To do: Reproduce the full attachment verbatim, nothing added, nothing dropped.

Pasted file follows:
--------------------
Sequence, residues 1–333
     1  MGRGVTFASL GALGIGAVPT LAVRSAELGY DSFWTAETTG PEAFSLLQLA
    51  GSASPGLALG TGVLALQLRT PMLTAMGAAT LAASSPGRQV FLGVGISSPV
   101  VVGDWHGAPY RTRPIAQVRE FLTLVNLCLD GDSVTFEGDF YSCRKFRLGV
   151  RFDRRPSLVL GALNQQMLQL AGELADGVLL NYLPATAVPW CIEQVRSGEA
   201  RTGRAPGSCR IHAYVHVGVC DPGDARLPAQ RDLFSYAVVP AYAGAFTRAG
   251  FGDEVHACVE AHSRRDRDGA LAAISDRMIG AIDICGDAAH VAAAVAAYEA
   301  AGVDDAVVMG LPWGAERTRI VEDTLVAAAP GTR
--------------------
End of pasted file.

Sequence, residues 1–333
     1  MGRGVTFASL GALGIGAVPT LAVRSAELGY DSFWTAETTG PEAFSLLQLA
    51  GSASPGLALG TGVLALQLRT PMLTAMGAAT LAASSPGRQV FLGVGISSPV
   101  VVGDWHGAPY RTRPIAQVRE FLTLVNLCLD GDSVTFEGDF YSCRKFRLGV
   151  RFDRRPSLVL GALNQQMLQL AGELADGVLL NYLPATAVPW CIEQVRSGEA
   201  RTGRAPGSCR IHAYVHVGVC DPGDARLPAQ RDLFSYAVVP AYAGAFTRAG
   251  FGDEVHACVE AHSRRDRDGA LAAISDRMIG AIDICGDAAH VAAAVAAYEA
   301  AGVDDAVVMG LPWGAERTRI VEDTLVAAAP GTR